- By Margaret Rodenberg
- She Writes Press
- 392 pp.
- Reviewed by Colleen Kennedy
- April 10, 2022
The deposed French ruler writes a new chapter while exiled on St. Helena.
What comes after the inglorious defeat at Waterloo and subsequent escape from Elba? Margaret Rodenberg’s well-researched and engaging debut novel, Finding Napoleon, focuses on the last five years of Napoleon Bonaparte’s life, during his second and final exile to the small English-occupied island of St. Helena.
Rodenberg interweaves three compelling narratives: the first-person memoir of Albine, Countess de Montholon, who accompanies Bonaparte to St. Helena alongside her husband; a third-person accounting of Napoleon’s life on the island; and the romance novel Clisson that Napoleon is secretly composing to send to his son.
Rodenberg’s Napoleon — concerned about his expanding waistline, his stomach troubles (his father died of stomach cancer when Napoleon was young), and his sexual appetites — is suffering from middle-age malaise. The former emperor turns to gardening, long baths, dalliances, and squaring off with the petty tyrant and governor of St. Helena, the English Sir Hudson Lowe. This Napoleon is finely fleshed out both in his paunch and his earthiness.
This Napoleon, too, is more complex than his bodily desires. He remains regal and stoic, unable to sit still, working on his official memoirs and a political campaign to return to France and his beloved heir, lovingly nicknamed “the Eaglet.” He conspires with his most loyal advisors on clandestine ways to smuggle messages into and out of St. Helena, while also planning a series of increasingly desperate schemes to flee the island.
He is also a haunted man, preoccupied with mortality, loss, and bad decisions. By turns, he fears, loves, and loathes his overbearing mother, Madame Mére, whose influence over her son cannot be stopped by an ocean. And he still dreams of the many killed during his military conquests.
Rodenberg vividly captures all the ugliness of war: young men killed, and towns destroyed, the reek of blood and gunpowder, and the palpable pain of the wounded. Noting his failures to end slavery in French-occupied Saint-Domingue (Haiti), Napoleon plots with the people enslaved on St. Helena to rebel — an opportunity to both right a wrong and find an opportunity to escape. Like so many of his plans, however, it ends in failure.
He thinks often of his two failed marriages, first to his beloved Josephine, whom he divorces after she cannot produce a male heir, and to his second wife, Marie Louise, mother of the Eaglet. In the first chapters, Marie Louise abandons Napoleon to run off with an Austrian count rather than join her husband in uncertainty and exile.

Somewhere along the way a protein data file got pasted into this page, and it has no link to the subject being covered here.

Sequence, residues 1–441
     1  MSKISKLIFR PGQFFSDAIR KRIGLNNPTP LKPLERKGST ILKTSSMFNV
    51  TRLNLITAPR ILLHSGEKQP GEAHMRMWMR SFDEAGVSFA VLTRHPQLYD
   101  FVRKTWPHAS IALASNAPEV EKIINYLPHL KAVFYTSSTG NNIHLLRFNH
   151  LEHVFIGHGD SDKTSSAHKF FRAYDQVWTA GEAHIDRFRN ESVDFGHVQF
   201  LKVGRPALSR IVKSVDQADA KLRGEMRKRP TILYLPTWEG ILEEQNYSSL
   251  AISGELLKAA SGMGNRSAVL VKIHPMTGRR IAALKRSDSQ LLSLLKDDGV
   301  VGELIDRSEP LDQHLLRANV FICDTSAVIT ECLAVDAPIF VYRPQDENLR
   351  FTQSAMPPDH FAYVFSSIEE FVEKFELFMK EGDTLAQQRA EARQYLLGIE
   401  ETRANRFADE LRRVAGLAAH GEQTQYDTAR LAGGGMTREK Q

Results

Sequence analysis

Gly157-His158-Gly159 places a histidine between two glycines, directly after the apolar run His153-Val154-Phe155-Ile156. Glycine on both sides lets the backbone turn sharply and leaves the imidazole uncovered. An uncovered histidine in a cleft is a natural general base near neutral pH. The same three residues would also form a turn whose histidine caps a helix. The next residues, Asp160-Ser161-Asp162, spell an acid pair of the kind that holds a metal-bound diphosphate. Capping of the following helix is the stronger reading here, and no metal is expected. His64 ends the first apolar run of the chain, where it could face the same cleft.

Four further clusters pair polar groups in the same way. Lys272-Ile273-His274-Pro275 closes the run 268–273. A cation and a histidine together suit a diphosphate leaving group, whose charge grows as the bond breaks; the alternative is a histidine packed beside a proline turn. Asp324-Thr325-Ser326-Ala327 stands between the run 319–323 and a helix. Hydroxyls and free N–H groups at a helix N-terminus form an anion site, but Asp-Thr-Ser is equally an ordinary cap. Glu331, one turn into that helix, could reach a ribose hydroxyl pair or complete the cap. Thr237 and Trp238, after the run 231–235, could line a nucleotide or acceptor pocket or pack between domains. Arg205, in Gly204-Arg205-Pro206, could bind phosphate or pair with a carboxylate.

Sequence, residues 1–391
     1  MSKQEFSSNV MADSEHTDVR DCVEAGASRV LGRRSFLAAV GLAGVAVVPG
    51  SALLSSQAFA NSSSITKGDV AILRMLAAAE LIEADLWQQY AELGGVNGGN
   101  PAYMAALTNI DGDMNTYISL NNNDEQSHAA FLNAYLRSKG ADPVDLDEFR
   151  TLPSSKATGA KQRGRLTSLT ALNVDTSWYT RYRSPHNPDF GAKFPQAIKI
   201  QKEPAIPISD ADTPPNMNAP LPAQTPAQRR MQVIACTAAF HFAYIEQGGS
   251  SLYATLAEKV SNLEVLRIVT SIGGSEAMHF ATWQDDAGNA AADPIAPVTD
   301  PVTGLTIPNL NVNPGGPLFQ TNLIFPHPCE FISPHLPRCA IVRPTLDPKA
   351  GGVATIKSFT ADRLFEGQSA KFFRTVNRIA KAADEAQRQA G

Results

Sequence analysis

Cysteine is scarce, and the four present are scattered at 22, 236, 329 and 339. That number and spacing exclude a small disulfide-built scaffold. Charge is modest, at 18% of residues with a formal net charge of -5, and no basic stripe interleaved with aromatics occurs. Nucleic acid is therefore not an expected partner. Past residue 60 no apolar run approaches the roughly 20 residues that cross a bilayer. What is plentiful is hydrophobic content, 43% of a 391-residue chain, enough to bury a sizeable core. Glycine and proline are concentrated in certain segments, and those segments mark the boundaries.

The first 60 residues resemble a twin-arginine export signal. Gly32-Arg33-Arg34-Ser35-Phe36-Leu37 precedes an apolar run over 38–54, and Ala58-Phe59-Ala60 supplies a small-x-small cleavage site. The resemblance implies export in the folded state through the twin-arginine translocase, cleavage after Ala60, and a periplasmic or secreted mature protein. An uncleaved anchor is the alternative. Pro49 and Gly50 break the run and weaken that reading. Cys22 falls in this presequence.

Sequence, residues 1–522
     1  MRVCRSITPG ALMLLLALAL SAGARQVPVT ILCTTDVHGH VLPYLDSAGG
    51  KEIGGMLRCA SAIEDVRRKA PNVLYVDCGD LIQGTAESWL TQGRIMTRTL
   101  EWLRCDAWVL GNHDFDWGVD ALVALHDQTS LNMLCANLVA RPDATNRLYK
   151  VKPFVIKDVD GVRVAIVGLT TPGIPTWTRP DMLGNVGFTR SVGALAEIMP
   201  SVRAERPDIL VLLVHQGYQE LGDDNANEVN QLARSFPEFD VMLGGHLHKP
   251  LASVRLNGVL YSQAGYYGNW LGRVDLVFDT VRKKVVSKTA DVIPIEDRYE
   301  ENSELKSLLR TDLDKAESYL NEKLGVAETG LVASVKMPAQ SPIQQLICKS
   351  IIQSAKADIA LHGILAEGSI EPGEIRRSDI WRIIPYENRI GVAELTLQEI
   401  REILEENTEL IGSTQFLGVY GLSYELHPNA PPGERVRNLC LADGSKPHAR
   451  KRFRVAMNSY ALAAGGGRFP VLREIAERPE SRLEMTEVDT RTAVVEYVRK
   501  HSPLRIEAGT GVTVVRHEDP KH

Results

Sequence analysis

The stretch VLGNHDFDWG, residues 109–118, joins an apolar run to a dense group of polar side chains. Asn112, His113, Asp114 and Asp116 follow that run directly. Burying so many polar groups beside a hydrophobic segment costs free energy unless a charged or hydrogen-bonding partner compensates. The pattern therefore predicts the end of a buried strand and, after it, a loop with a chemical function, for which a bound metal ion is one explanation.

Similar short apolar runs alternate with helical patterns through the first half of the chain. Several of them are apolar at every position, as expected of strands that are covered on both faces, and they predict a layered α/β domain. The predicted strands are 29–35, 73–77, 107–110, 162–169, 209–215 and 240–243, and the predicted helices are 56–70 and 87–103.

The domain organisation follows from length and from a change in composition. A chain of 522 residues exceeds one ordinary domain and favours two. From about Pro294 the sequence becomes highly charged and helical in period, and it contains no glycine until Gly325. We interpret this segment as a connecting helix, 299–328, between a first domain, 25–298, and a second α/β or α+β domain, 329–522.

In his sexual escapades with Albine, Napoleon knows she is unfaithful to her husband, to him, to anyone but herself. Still, he finds some reassurance there, eventually trusting her with intimate secrets, such as his novel.
Yet he is a hopeless romantic, too. In addition to his memoirs, Napoleon finishes Clisson, which he’d started writing while a soldier in his 20s. Its titular hero is a fictionalized Bonaparte, a young Corsican born into the brutality of war via his prodigious military talents. There, too, is a love triangle between Clisson and two beautiful heiresses, both based on Napoleon’s wives.
Even more than the complex portrait of Napoleon in his waning years, Rodenberg creates an exciting anti-heroine in Albine, a fading aristocratic beauty in survival mode. A schemer and a dreamer, Albine suffers the traumas of almost losing her head during the French Revolution; years later, she carries a crust of bread in her pocket to assure herself she will never go hungry again.
She is unfaithful to her emotionally distant husband and fails at love with Napoleon, with whom she has much in common: the physical and emotional scars of war, a beloved son left behind, and ceaseless ambition bound to a tiny island in the middle of nowhere. On St. Helena — filled with a cast of lively (though, sometimes, overabundant) characters — Albine steals silver, hearts, and the spotlight while plotting her own escape.
A novel of conflicting and intertwined stories, desires, and loyalties, Finding Napoleon offers an intriguing new look at one of the most famous men in history. We already know that Napoleon is destined to die in exile, but as to Albine’s fate? That is another story.
[Editor's note: This review originally ran in 2021.]
Colleen Kennedy is publicist and managing editor at Shakespeare Theatre Company. She also writes about art, culture, and music for District Fray. A former professor of English, she composes poetry and also writes about Renaissance perfume, Shakespearean performance, and horror films.